Monday, February 25, 2013

Some Thoughts About Your Comments

I am very humbled by the people who have made comments on this blog. You remind me of how hard it is to care for someone and at the same time not be able to make it all better for them.

A person wrote recently about how everyone in their family of origin is a non functioning alcoholic. they find that they have lost their family but their family members are still alive. This actually reminds me of my own experience. As a result I also found out I didn't have the skills needed to reach out for help. When you grow up with addicts "silence is golden" reaching out is not encouraged. I found that I actually needed to find a way to re-parent myself. I needed mentors that I could trust. By the way you are never too old for a good mentor. As a matter of fact some of the people I have learned from have been younger than me. Reach out, reach out, reach out. Develop positive resources in your life.

Other people wrote about trying very hard to do the "right things" such as cutting off money, not allowing the use of the car, or any number of things to not "enable" the substance use. Then the question becomes "is there anything else we can do". If the goal is to somehow stop your loved one from using I have no answer. If the goal is to reduce the possibility that you are assisting in their use you are already doing the right thing. Do not forget...The first goal of an addict is to get and use their drug of choice, not to do well in school, or pay the bills or take the garbage out. This is just what addicts do. What you can do is remind them, in a non judgmental way, that you know they love their drug and you think they need help. Don't pay to much attention to the rejection. that's normal.  You must seek out help for yourself and find a place where you can talk with members of other families who are going through similar experiences.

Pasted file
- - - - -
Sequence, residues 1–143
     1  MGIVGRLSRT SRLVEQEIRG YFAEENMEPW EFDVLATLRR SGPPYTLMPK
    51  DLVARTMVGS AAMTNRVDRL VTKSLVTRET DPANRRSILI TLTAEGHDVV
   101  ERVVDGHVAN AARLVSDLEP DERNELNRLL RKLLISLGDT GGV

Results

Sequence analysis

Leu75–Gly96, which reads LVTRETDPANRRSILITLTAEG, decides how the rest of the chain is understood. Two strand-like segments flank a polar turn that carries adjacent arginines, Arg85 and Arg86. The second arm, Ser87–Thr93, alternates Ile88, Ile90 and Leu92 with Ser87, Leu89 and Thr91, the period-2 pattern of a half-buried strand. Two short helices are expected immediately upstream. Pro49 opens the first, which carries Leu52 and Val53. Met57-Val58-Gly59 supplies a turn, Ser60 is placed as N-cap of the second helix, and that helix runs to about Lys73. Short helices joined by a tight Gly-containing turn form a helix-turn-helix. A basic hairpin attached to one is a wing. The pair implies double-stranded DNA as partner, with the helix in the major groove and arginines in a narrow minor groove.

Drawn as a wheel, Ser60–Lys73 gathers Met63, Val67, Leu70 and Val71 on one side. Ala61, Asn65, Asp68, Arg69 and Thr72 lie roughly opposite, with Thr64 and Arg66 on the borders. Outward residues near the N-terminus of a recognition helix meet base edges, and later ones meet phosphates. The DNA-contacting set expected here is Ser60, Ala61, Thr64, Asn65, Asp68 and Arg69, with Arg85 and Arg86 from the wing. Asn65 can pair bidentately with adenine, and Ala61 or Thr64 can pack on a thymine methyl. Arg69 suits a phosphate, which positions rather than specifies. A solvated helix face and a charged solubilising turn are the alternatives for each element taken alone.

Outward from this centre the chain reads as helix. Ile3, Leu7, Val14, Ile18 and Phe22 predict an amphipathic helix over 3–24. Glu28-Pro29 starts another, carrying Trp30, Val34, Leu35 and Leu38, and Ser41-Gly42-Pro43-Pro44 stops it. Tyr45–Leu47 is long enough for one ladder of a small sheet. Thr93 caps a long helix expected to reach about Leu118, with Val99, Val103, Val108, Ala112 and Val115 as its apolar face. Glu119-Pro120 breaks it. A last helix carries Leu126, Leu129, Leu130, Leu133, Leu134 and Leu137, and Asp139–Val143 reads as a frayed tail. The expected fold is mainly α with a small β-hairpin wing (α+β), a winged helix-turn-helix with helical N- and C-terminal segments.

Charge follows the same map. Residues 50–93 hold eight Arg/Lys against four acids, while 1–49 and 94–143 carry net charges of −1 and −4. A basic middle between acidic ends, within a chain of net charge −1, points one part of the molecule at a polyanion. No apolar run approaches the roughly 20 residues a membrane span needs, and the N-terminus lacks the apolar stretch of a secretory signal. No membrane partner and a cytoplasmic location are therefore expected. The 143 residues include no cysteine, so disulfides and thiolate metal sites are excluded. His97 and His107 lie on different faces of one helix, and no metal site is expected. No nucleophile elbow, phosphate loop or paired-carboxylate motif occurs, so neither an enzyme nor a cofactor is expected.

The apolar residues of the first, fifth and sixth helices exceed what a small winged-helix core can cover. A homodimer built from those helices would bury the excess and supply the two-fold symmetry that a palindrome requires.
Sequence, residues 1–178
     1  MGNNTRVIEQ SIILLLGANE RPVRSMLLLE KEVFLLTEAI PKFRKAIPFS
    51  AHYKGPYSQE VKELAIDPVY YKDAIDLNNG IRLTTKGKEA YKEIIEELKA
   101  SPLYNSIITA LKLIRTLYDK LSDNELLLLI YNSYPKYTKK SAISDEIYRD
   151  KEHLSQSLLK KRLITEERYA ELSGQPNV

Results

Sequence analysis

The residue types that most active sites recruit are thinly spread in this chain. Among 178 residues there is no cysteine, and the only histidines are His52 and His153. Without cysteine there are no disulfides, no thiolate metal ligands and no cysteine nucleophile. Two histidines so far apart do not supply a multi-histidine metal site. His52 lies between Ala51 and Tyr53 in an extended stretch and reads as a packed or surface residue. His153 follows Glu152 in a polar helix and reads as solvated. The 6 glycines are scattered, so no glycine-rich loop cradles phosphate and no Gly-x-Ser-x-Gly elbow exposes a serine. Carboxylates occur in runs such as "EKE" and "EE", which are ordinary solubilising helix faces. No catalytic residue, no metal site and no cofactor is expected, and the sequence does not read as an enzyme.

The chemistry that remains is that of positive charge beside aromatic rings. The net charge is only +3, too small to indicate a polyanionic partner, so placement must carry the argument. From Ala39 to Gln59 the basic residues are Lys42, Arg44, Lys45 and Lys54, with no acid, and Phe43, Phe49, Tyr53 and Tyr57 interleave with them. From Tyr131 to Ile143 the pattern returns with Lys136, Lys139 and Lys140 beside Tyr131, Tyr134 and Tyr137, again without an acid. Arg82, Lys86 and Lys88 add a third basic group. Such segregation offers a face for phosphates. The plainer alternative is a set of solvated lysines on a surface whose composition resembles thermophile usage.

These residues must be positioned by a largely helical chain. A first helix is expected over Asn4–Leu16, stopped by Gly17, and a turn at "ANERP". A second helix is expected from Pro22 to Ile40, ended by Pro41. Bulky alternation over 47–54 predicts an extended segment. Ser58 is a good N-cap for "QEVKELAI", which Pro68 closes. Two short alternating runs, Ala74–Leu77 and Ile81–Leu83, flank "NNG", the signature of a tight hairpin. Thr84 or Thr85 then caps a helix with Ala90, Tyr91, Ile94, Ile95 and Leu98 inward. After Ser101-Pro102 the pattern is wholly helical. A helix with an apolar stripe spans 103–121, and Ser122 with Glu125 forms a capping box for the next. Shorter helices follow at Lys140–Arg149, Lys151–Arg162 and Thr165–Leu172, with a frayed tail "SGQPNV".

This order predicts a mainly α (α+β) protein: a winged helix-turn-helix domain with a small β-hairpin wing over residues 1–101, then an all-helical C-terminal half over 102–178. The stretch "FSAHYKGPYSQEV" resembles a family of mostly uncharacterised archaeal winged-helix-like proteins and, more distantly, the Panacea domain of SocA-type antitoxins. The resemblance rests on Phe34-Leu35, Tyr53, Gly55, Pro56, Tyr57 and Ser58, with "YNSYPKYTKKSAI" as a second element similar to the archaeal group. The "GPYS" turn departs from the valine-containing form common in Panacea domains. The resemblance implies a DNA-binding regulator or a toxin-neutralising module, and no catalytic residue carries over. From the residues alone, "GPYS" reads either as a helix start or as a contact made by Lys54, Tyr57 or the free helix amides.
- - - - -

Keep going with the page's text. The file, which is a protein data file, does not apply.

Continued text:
What I found in teaching the family class is that repetition is good. People come to the class or this blog and they are stressed. People needed to be reminded of what to do a number of times before it begins to sink in. In Malcolm Gladwell's book "The
Tipping Point" he said that to make learning "sticky" meaning that the message sticks. The message must be connected with what the learner already knew. For the message to stick it has to have meaning for the learner. When you tell your loved one that you know they "love their drug of choice" You are acknowledging reality and prefacing the message they don't like "they need help" with the truth.

1 comment:

Take the first step said...

You advice is spot on with recovery and seeking out support all all around you to move forward one day at a time. I look forward to more posts from you and I will spread the word about your valuable advice for recovering addicts and aloholics.